Emotionally there is a growing sense of self that can be paired with an increasing tendency to question and challenge. Being self-conscious of bodily changes can be emotionally challenging.

Cognitively this age group is developing new faculties of intellectual thought and growing confidence in causative thinking. It is still too early though for the too formal development of deductive thinking and the analytical-critical function.

Socially, students at twelve years of age begin to understand the concept of causality in connection with their behaviour. They can increasingly take responsibility for their actions by considering the implications and consequences of rules in the home, classroom and society. Increased student interest in the world is extended to include ecological awareness and respect for different cultures.

Needs of this age:

The expansion into the world of science and history captures the interest of this age group. The children are ready for a deepening of intellectual, moral and social challenges. The thirst for knowledge of a wider world, chronologically, geographically and culturally is met through an imaginative and phenomenological approach to scientific subjects, explorations of the development of self-governing societies and leadership programs.

They explore ways to increased independence while securely anchored in a picture of the world that shows goodness, truth and beauty. Strong personal role models, biographies and examples of people overcoming obstacles and bringing goodness into the world all provide pictures and guidance for their increasing break away from outer authority and towards an inner moral compass.

Class 6 Curriculum – themes to meet the needs of this age:

Main Lessons start to cover sequential, recorded history to meet the child’s new capacity for causative thinking. The main themes all provide an appreciation for structure and order, whether it be in society, geology, or grammar. They also focus on bringing a strong connection with the larger world they are starting to experience, and what is right in that world, so that students will learn to work in service for the sake of the world.

Ancient Rome – aspects of Roman culture – provides a picture of a civilisation developing its own governance and laws, having gained ‘independence from the gods’. The sense of order of the Roman world particularly addresses the Class 6 child – the sense of justice and law, Roman architecture and engineering.

Physics is introduced, with an emphasis on an experiential and phenomenological approach: dynamics of cause and effect are investigated in acoustics, optics, heat, magnetism, electricity.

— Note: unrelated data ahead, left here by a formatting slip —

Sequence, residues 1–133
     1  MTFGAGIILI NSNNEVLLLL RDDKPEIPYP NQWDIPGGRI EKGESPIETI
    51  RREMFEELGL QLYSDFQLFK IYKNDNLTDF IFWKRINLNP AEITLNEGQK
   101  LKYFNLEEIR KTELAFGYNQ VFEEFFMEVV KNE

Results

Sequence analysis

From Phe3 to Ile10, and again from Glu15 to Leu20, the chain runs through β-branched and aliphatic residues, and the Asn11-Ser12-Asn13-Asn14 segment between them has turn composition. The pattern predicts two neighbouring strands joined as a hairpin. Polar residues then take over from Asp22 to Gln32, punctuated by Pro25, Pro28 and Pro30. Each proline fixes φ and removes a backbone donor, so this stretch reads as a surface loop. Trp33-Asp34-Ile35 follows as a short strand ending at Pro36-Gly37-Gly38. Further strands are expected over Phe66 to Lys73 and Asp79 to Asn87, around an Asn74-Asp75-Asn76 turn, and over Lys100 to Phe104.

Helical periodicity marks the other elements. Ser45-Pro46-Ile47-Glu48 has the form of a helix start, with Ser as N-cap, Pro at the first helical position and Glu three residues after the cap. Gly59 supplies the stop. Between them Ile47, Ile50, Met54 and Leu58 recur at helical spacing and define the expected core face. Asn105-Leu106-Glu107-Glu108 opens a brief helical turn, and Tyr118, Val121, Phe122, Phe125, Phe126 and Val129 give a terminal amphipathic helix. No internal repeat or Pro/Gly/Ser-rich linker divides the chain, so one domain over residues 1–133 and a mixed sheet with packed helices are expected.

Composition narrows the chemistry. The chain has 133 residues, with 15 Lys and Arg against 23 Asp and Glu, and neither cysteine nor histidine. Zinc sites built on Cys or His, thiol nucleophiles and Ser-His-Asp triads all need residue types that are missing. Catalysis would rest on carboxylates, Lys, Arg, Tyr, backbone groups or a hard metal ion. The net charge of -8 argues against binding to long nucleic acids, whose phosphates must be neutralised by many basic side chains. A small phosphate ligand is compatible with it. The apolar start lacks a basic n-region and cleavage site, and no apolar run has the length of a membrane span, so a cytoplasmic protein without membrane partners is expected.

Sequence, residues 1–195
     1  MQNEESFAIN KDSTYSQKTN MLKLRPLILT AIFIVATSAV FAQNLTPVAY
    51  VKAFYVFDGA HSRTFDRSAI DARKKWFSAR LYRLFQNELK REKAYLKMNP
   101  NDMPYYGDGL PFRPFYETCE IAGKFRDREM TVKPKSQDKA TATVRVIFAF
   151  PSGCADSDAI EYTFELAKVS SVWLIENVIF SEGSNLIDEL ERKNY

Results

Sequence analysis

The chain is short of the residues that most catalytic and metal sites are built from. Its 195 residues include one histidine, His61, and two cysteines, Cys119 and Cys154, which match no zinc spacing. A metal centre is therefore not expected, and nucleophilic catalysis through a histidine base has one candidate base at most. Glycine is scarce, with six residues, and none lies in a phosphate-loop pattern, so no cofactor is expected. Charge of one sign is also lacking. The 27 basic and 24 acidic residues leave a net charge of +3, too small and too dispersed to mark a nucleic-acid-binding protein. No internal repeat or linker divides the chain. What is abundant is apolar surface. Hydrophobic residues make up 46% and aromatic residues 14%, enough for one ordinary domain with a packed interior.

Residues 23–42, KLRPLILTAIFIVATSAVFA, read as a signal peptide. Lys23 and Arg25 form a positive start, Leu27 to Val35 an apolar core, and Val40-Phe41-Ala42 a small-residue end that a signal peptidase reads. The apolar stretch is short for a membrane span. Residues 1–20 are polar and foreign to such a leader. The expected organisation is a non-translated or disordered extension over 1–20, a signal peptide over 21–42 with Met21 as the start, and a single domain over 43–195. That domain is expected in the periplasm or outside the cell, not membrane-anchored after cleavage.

Astronomy – including the rhythms of the cosmos, their effect on weather, seasons, tides, animals, plants and the human being – expands the scientific explorations from the directly observable phenomenon to a more abstract science.

The Birthing Main Lesson provides the opportunity for students to explore their own birth story from conception to birth and beyond and so learn about their own sexual development in a personal context. This main lesson is co-taught by a mid-wife and the class teacher.

Class 6 Main Lesson Topics:

  • History of Ancient Rome
  • The Wonder and Wisdom of Words
  • Australian History
  • Geology
  • Astronomy
  • Introduction to Physics 1 – Acoustics, Optics and Warmth
  • Introduction to Physics 2 – Electrostatics and Magnetism
  • Business mathematics – Entrepreneurship and business plans
  • Geometry and Measurement
  • Birthing Main Lesson – Human reproduction and Personal development
  • World geography
  • Number and Algebra

Practice and subject lessons:

  • Games, activities and creative tasks to support social interaction
  • Consolidation and extension of numeracy and literacy concepts,
  • Artistic work, (painting, modelling, music, dance etc.) based on main lesson themes and in celebration of festivals and rhythm of the year
  • Meaningful hand craft activities to embed a sense of purpose, beauty and perseverance.
  • Form drawing exercises to develop spatial awareness and thinking capacities
  • Weekly specialist music lesson; practice of music notation; continuing practice routine with strings instrument
  • Weekly specialist lesson – language other than English
  • Gardening/Horticulture

Camp and excursions:

  • Local excursions based on Main Lesson
  • Four to six night camp to either Warrumbungle and Lightning Ridge (focus area Astronomy and Geology) OR Canberra (focus area Australian history, citizenship)

– Class 6 –

Visit us and you will begin to see what makes Casuarina Steiner School different from all other schools. You will start to see and feel all the reasons to choose a Steiner education when you meet our talented and dedicated teachers, talk to our active and involved parent community, and meet our wonderful students. We can’t wait to welcome you!